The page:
This isn’t exactly a newsflash, but marathons aren’t just tough to run. It’s tough to recover from one too. A marathon pushes the body to the max and stresses every part of your system and structure.

If you finished the Austin Marathon or Half Marathon on Sunday, congratulations. Obviously, it was a very tough race with plenty of challenges. The draining humidity made for extremely difficult conditions which made the demanding up-and-down course even more taxing. But finishing is the entire point of the race. Any way you slice it, 26.2 or 13.1 miles of running is a long way to run. What won’t be easy are these first few days after the race.

Certainly, you’re still awfully tired after finishing Austin and your leg muscles are probably a little tight, sore and barking back at you. That’s the norm. It differs for everyone, but generally it takes up to two weeks for your muscles to get back to normal after running a marathon. Less for a half marathon. But still, your muscles have been damaged. Even if you felt OK on Sunday night, you might be surprised how stiff your muscles will feel today and tomorrow. Your soreness might even be worse tomorrow.

That’s delayed onset muscle soreness (DOMS). What happened during the course of running the half/marathon, is your muscles suffered some damage by the repetitive nature of the pounding they took. Since there’s so much up and downhill on the Austin courses, the muscles have to absorb even more pounding than in a flatter race.

Don’t worry, damaged muscles repair themselves quite quickly. The fitter and the bettered conditioned you are, the less damage and the faster the muscles will repair themselves. Your immune system was also compromised on Sunday and you are more susceptible to getting the flu or a cold in the next two weeks. So wash your hands and stay away from friends with colds or the flu.

Here’s what you can do to minimize the soreness and recover quickly:

O Keep walking. After finishing Austin on Sunday, you should have kept moving. For the next few days you might not feel like running, but at least go for a walk every day to flush the lactic acid from your muscles and improve circulation. An easy bike ride also helps to work out the soreness. If the weather continues to stink, try a stationary bike.

O Cold, not heat. If your muscles are still sore a day or two later, use ice, not heat. A dip in a Jacuzzi might feel good, but it will inhibit recovery. Cold is better. Cool your leg muscles with cold water or ice the sore areas. Pay particular attention to the calf muscles, quads and hamstrings. Icing these muscles, will reduce inflammation and speed post-race recovery.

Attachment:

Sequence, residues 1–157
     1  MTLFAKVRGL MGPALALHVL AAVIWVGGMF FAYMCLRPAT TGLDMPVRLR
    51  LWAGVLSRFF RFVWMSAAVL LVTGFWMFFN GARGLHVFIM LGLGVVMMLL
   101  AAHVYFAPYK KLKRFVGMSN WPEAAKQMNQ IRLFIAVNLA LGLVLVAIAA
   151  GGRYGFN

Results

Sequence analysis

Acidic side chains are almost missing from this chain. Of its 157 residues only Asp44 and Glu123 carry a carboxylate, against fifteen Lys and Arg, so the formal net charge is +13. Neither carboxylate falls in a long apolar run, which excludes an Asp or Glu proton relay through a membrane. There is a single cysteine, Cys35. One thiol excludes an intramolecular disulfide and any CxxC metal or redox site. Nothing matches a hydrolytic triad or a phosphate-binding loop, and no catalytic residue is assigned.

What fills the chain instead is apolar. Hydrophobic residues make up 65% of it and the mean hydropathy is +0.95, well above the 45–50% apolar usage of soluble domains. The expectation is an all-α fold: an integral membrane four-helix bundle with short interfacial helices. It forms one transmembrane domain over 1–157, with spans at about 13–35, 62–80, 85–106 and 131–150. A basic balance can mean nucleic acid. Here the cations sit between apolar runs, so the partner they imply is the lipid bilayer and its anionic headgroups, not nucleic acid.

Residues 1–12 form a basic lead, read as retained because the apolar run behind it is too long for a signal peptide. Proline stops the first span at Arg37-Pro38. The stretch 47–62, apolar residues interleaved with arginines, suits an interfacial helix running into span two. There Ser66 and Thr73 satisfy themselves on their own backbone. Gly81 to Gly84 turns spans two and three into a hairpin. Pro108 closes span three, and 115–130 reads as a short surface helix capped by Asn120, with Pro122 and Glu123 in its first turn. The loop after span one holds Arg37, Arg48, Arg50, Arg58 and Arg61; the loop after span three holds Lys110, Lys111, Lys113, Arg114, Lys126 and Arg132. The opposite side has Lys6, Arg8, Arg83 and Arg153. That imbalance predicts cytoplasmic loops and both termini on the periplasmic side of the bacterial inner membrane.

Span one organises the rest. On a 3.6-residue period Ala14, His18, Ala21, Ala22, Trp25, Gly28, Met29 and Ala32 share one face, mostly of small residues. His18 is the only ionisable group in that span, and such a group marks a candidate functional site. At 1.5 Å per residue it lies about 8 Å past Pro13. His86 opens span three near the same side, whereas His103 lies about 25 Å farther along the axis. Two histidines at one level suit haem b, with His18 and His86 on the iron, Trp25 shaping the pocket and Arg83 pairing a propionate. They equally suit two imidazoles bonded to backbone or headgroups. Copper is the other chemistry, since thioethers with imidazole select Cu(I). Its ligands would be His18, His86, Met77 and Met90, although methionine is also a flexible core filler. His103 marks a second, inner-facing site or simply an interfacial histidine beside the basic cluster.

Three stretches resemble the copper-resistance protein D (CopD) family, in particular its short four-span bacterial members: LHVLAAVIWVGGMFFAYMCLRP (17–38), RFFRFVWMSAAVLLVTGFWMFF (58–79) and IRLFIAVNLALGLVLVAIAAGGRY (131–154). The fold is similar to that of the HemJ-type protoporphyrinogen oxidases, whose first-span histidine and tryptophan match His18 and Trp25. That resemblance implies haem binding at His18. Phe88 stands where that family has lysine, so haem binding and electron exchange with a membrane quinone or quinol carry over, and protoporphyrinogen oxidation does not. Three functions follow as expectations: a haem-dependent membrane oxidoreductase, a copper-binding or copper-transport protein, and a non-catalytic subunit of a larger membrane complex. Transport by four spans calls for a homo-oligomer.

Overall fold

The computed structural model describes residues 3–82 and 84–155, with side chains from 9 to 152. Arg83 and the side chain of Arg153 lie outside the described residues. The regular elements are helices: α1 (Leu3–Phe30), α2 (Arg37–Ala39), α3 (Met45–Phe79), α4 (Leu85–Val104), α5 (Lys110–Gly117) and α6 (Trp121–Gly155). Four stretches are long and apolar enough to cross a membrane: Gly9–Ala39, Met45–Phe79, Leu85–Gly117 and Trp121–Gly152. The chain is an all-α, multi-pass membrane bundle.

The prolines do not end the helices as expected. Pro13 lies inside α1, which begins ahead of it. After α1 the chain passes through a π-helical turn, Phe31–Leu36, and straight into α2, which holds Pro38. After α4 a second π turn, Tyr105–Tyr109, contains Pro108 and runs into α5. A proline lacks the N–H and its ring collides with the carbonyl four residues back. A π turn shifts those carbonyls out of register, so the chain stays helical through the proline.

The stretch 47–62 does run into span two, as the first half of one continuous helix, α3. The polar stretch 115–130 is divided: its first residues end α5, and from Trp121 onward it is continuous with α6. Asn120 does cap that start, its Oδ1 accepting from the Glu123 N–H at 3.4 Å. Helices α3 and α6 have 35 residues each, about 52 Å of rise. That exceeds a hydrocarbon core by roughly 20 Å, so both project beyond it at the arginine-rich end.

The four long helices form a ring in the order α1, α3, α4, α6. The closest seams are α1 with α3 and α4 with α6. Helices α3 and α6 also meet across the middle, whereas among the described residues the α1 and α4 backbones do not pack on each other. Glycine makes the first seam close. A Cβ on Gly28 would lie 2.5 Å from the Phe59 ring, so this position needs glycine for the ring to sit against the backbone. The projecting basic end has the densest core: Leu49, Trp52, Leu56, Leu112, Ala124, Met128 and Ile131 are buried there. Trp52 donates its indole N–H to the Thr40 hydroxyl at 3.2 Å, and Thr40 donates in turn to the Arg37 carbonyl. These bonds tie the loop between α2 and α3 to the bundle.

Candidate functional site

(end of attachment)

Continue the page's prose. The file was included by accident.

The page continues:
O Drink and eat. The first thing you should have done after finishing the race was rehydrate and refuel your muscles with carbohydrates. Continue to feed what your muscles are craving—carbs. Whatever your tastes buds want, go with it. Hint: Eat plenty of fruit.

O Don’t run. If you don’t feel like running, don’t. Don’t force it. If you feel like running, go short and easy. Walking is fine; running inflicts more damage on the sore muscles. When you can walk without any soreness pain, is when you can consider running again.

O Continue icing. If your muscles are still sore on Thursday or Friday, continue icing to further reduce inflammation. Also consider taking some Aleve or Advil to reduce the soreness.

O Take a bath. Get some Epsom Salts and use about three cups in a bath. Soak for 15 minutes.

O Massage. You might not have wanted to get a massage immediately after the race (it’s better to keep moving), but a massage this week might be the perfect remedy for sore muscles. Seek out a reputable sports massage expert and get a solid hour of bodywork. But make sure it’s a light massage, rather than a deep one which might be too intense. There are plenty of good massage therapists in Austin who specialize in athletes. If you don’t want to get a massage or can’t get an appointment, use a foam roller to roll your sore leg muscles.

O Stretch. If you are able to stretch, a light routine of 20 minutes of leg stretches will help alleviate the soreness. Emphasize the hamstrings, calf muscles and quadriceps.

O Avoid long car rides or plane flights. There’s nothing worse than trying to cram your sore, tight legs into a car or airplane seat for a lengthy period. If you possibly can, put off any long trips for an extra day or two.

O Relax. Give yourself a break. If you feel like getting an extra hour of sleep, hanging out on the couch and not doing much of anything for a couple of days, go for it. You’ve earned it.